Posts in the Studio:Interactivity category

I set up my program in the 10th floor DT lab to see how my peers might interact with the “slit scan” visuals. This user testing was not including the “clicking” interaction. I simply wanted to see how they would respond to the aesthetic visuals of the program, wondering if they found it interesting and engaging.

User Testing from Adam Scher on Vimeo.

Friday April 30, I sat in on two of the different symposium talks from the graduating MFA DT class. The two talks, “Tangible Interfaces” and “Storytellers”, allowed the students to share about their creative process about the work they have made over the past 2 semesters. It was nice to hear the artist’s insight about their work after having viewed the pieces the night prior. Below is just a quick response on the presentations I saw.

Joon Moon – Augmented Shadow
Using an interactive table top and blocks with QR codes, Moon creates an environment which places with an idea of lights and shadows. Through moving these blocks a series of house and moved around the surface. People come out of the house and walk to the light source to carry back to their homes. While the interactivity is fantastic, I was hoping to learn more about his choice of content through his presentation.

Denise Flasz – Intangible
With a desire to create something tangible from the intangible, Flasz constructed a sculpture which responds to electro-kinetic waves (mostly cellphone waves and wifi signals). The sculpture itself was beautifully constructed at out translucent plexiglass, which allows the reflections of light to constantly change. However, when I originally saw this piece I had no idea that the viewers was suppose to make a phone call right next to the sculpture. This intended interactivity was not conveyed.

Thai Le – Uncover Geology
I wish that I was able to explain this project, but even after an extensive presentation which included both animations, a user demo, and video of the project in action, I am still not quite sure what the project does or intends to accomplish. I did appreciate his iterative process, creating prototypes in different modalities (i.e.: interactive surface graph, games, real simulations) but I feel that the presentation needed to be more clear and concise.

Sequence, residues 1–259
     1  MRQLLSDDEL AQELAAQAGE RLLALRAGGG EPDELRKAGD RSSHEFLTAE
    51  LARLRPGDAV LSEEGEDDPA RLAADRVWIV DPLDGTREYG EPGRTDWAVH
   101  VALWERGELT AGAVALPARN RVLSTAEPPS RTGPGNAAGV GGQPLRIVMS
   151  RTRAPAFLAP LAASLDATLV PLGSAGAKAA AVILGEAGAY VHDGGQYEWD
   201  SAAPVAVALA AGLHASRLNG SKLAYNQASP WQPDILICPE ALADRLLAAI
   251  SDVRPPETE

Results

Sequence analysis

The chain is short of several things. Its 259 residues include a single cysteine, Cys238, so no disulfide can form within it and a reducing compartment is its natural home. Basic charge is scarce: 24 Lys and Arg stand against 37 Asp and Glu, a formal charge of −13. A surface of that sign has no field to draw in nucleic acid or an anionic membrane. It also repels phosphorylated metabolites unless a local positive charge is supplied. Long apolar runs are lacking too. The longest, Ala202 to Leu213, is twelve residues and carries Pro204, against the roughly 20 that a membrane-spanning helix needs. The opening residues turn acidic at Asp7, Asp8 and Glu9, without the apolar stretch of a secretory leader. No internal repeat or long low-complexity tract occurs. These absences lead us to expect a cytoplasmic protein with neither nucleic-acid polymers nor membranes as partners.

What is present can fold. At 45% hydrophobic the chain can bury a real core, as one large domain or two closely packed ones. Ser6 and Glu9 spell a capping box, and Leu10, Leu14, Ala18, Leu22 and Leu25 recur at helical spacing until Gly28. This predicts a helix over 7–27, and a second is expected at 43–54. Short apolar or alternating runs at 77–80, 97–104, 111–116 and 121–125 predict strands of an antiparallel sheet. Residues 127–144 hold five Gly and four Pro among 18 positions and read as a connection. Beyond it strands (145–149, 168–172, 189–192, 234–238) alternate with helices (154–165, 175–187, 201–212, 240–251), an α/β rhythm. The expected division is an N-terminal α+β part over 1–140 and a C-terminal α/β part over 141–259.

Cecilia Elguero – Wonder Garden
Elguero’s questions regarded the integration between computation and non-tradition mediums such as paper, felt, and porcelin. Through simple circuitry and technology, she was able to bring life to little objects and characters that were crafted out of these softer mediums. I was in love with the aesthetic of her work. I found it to be whimsical and beautifully crafted. However, similar to Denise Flasz, there was no indication that the work was to be touched. Perhaps it was because it was presented in formal gallery, and viewers are conditioned not to touch, but there needed to be an entrance for the viewer, so that they knew it was ok to interact on a physical level with the piece.

Yoav Schlenzinger – Ultimate Happy
Schlezinger’s short film explores the theme of escapism in the sub gay culture of circuit parties. His choice to create a fictional documentary based off of structured improvisations seems to have worked in his favor, as he attempts to create a realistic view into this world of sex, drugs, and dancing. After viewing this short this past weekend, I appreciated his different editing techniques which helped to drive the story and accentuate the themes.

Daniel Cashin – Everyone Knows the Song